Weis & Hickman's Deathgate cycle (barls currency)
Henry Richardson Chamberlain, 6000 Tonnes of Gold

Guess what? I'd be particularly interested in recommendations of economic science fiction and fantasy by women!


Douglas Adams, The Restaurant at the End of the Universe (1980). Long ago, some distant planet realizes it has quite a lot of what David Graeber might call bullshit jobs. A poet spins some apocalyptic yarns, and the people in those jobs -- mostly management types, although some telephone-sanitizers etc. -- are packed off to colonize a planet which, it turns out, is the prehistoric Earth. And yes, we are their descendants, as demonstrated not so much by shared DNA, but by shared agendas:
"[...] Since we decided a few weeks ago to adopt the leaf as legal tender, we have, of course, all become immensely rich."
      Ford stared in disbelief at the crowd who were murmuring appreciatively at this and greedily fingering the wads of leaves with which their track suits were stuffed.
     "But we have also," continued the management consultant, "run into a small inflation problem on account of the high level of leaf availability [...] we are about to embark on a massive defoliation campaign, and ... er, burn down all the forests. I think you'll all agree that's a sensible move under the circumstances."
For other money trees, see Nalo Hopkinson, Clifford D. Simak, and Adam Roberts.

There's another interesting bit earlier in the book, about another supposedly impractical currency:
"[...] Its exchange rate of eight Ningis to one Pu is simple enough, but since a Ningi is a triangular rubber coin six thousand eight hundred miles long each side, no one has ever collected enough to own one Pu. Ningis are not negotiable currency, because the Galactibanks refuse to deal in fiddling small change. [...]"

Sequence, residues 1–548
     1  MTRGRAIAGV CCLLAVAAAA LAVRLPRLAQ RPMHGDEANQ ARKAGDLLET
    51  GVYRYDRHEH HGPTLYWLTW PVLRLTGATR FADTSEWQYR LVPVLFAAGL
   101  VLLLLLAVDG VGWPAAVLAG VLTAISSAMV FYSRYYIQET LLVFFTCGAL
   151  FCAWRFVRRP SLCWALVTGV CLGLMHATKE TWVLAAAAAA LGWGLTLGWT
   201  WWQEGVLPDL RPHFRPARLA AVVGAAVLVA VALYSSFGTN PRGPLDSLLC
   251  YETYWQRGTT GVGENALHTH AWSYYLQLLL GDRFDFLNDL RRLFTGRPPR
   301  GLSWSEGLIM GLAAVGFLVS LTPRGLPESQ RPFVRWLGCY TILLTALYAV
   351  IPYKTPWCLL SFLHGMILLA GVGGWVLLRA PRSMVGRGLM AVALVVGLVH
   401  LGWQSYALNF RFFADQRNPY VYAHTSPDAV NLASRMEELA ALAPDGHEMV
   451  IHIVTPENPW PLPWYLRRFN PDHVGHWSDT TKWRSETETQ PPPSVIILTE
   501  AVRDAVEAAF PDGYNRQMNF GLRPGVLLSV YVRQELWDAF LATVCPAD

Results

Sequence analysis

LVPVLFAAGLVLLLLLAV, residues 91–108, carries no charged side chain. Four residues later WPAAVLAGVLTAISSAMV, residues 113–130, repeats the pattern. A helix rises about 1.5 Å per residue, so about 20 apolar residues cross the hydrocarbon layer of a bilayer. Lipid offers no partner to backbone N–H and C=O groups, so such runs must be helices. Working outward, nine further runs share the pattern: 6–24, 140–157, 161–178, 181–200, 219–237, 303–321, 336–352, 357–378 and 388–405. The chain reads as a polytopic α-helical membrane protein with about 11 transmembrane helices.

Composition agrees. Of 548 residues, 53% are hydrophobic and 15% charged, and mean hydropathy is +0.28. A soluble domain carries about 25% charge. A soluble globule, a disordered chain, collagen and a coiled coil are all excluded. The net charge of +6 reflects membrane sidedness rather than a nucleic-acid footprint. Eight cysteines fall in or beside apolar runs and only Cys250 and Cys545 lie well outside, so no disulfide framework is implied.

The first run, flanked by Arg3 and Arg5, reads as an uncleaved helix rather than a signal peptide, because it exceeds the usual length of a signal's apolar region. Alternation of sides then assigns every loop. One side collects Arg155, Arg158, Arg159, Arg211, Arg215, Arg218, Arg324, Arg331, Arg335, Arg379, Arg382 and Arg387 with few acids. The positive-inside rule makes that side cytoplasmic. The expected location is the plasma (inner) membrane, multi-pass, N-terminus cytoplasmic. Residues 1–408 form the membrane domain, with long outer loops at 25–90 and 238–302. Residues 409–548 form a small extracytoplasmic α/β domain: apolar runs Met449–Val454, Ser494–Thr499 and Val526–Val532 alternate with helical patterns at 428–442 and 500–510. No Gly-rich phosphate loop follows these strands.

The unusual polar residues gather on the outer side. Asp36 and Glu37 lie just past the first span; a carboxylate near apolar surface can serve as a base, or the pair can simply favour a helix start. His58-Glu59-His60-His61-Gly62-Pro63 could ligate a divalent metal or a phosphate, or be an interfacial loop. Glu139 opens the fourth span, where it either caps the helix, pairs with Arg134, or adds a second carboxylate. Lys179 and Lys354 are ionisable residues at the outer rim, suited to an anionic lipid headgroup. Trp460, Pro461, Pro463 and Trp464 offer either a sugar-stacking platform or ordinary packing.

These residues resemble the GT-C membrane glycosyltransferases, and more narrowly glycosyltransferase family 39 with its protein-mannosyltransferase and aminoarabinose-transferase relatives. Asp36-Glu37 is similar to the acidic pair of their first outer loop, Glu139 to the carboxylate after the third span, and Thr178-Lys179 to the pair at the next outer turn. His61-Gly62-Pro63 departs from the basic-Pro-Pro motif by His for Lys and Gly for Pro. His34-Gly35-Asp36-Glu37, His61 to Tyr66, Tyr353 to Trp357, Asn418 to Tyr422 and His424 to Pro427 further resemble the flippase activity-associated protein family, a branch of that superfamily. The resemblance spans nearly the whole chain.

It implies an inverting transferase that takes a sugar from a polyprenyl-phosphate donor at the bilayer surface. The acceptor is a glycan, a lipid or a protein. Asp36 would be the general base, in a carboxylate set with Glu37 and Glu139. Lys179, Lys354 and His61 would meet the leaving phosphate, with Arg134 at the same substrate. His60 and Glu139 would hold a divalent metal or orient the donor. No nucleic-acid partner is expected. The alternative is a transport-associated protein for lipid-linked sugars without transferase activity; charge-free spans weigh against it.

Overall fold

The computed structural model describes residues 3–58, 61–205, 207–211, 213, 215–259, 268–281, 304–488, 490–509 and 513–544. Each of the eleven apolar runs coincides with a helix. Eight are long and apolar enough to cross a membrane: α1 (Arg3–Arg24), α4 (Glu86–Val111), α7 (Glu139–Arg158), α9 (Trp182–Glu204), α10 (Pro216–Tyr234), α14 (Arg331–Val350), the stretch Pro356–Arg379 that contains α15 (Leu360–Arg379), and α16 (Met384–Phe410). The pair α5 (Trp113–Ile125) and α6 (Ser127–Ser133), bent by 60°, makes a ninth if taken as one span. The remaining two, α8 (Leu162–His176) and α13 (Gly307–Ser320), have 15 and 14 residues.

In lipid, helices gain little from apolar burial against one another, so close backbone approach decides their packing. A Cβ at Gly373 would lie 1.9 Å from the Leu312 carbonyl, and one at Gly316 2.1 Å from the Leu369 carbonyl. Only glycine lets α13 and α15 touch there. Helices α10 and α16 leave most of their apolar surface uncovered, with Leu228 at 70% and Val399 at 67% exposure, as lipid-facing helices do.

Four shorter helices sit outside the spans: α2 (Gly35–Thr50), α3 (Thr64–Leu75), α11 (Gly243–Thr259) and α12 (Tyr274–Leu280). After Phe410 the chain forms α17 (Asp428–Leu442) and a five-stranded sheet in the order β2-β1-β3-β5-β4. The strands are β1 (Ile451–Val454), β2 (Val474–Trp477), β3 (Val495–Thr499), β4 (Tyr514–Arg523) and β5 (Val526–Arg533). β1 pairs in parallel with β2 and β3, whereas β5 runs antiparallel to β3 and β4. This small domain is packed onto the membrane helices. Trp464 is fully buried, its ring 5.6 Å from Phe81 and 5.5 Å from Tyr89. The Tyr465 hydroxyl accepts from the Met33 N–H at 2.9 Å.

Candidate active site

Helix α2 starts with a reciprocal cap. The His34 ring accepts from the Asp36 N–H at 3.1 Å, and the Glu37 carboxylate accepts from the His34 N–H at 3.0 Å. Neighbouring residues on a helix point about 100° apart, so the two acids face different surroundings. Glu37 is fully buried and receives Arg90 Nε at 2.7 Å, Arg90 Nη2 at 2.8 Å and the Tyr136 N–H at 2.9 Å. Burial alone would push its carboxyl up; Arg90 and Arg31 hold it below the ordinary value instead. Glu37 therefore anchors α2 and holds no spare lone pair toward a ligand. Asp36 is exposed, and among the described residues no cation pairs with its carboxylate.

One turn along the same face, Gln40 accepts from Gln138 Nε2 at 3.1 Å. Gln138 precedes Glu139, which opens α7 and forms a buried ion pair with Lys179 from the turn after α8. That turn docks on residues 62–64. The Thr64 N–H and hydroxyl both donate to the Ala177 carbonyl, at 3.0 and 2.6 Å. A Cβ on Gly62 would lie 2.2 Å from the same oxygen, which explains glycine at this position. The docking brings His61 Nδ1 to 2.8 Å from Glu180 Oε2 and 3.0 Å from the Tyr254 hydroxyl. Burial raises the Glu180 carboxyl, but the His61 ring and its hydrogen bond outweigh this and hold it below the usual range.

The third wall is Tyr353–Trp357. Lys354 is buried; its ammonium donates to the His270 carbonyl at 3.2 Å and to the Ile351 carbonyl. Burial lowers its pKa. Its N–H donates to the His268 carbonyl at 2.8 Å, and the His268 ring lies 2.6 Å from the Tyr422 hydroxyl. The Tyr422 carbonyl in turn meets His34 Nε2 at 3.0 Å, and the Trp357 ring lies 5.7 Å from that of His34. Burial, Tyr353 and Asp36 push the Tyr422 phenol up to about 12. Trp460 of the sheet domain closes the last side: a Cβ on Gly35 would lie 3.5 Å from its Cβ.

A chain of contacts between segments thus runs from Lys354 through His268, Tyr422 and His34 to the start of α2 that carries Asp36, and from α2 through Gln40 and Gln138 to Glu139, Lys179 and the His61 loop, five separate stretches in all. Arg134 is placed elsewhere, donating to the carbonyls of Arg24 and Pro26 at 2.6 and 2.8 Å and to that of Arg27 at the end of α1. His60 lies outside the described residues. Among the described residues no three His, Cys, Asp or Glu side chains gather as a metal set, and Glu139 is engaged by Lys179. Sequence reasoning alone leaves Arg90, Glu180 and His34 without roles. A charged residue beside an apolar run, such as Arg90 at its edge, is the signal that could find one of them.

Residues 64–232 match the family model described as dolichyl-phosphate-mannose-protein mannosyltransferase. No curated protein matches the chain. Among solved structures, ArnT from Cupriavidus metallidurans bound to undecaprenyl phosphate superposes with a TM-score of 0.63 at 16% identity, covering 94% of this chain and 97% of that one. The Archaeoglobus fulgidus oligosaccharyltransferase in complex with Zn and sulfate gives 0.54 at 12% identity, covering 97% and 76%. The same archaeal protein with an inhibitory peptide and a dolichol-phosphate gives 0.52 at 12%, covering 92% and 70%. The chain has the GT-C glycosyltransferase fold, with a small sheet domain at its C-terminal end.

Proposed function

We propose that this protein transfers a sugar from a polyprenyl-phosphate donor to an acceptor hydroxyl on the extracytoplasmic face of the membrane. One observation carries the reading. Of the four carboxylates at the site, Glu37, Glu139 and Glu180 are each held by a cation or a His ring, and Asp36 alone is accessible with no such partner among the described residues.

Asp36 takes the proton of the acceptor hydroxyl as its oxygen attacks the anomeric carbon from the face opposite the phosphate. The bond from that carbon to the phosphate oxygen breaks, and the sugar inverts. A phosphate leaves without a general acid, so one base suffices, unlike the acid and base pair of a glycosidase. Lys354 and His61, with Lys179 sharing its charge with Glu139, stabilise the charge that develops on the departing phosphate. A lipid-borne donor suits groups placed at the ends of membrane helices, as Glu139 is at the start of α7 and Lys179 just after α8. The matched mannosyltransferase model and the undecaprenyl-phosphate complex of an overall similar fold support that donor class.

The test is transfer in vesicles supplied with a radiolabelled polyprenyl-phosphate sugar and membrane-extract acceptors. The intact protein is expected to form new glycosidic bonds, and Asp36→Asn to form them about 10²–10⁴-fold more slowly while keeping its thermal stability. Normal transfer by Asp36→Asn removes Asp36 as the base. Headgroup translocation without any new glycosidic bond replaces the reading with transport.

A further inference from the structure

A credit theory of money might say there's nothing wrong with the Ningi/Pu system, since owning a Ningi wouldn't have to involve re-locating a physical object: a record in a ledger should be enough. Compare the famous stone money of Yap.

Margaret Atwood, Oryx and Crake (2003). A novel which doggedly accumulates clever choices, and touches quite a lot on the reduction of humans to economic values. That there is a lot to nitpick over and call out is, in this case, a sign of what an excellent novel it is. Two clever choices pertinent to economics are: (a) the choice of an overdetermined apocalypse -- brought about through individual agency and economic crisis and ecological crisis and technological crisis, and if it hadn't been this particular apocalypse, it probably would have been a different apocalypse; (b) the decision to largely float the whole "reduction of humans to economic values" thing as a mansplainer (who has consumed his share of child pornography, sort-of-ironically of course) explaining to a woman the tragedy of her objectification. She is not convinced:
Of course (said Oryx), having a money value was no substitute for love. Every child should have love, every person should have it. [...] but love was undependable, it came and then it went, so it was good to have a money value, because then at least those who wanted to make a profit from you would make sure you were fed enough and not damaged too much. Also there were many who had neither love nor a money value, and having one of these things was better than having nothing.
Margaret Atwood, Payback: Debt and the Shadow Side of Wealth. Non-fiction. Five linked lectures on debt. I found it entertaining and commendably sprawling but also weirdly elusive.

Iain M. Banks's Culture series. Notable for its post-scarcity civilisation: anyone can have pretty much any good or service they want. Nobody has to work unless they want to. Work has more to do with self-expression, self-fulfillment and relaxation than with toil, coercion, duty and necessity. Banks outlines the Culture's democratically planned economy in "A Few Notes on the Culture" (1994). See also Gene Roddenberry.

Here's one interesting snippet: in Banks's Look to Windward (2000), a highly desirable ticketed music event leads to a "partial" reinvention of "money."